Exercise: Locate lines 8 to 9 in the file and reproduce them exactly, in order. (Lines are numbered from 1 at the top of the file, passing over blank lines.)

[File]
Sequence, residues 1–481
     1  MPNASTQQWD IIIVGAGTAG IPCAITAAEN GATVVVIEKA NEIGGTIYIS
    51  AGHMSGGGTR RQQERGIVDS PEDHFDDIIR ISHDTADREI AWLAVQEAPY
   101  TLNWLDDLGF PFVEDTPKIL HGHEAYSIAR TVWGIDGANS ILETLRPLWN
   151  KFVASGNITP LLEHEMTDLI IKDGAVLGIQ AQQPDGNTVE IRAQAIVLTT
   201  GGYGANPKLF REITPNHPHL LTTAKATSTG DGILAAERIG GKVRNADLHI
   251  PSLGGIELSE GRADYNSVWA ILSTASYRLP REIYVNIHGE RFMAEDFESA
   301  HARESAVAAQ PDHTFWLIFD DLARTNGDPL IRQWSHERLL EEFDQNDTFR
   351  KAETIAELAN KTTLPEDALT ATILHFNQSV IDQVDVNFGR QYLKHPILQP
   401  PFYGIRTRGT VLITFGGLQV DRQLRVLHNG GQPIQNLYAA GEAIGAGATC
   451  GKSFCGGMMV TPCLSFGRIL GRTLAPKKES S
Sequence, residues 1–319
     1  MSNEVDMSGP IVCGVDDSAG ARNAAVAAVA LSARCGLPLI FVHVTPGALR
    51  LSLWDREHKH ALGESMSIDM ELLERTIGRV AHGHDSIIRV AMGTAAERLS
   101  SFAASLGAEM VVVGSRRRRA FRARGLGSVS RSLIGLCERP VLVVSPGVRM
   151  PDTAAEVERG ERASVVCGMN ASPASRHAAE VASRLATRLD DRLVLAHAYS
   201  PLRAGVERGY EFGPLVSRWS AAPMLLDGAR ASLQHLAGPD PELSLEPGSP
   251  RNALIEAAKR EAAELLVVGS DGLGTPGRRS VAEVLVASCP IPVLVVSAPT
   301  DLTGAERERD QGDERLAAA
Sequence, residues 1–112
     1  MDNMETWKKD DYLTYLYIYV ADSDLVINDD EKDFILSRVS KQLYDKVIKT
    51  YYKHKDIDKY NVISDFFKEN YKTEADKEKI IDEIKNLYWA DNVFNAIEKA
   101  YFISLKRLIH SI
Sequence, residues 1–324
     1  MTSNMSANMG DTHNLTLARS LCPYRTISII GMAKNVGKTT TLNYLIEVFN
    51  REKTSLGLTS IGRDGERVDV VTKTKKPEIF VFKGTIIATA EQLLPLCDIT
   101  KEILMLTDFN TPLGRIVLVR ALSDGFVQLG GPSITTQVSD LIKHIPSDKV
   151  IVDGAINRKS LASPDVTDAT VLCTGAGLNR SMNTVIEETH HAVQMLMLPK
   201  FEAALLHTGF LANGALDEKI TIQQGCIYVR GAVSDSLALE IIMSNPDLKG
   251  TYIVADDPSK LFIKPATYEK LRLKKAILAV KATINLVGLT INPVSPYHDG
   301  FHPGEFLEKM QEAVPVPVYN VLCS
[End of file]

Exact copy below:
   301  HARESAVAAQ PDHTFWLIFD DLARTNGDPL IRQWSHERLL EEFDQNDTFR
   351  KAETIAELAN KTTLPEDALT ATILHFNQSV IDQVDVNFGR QYLKHPILQP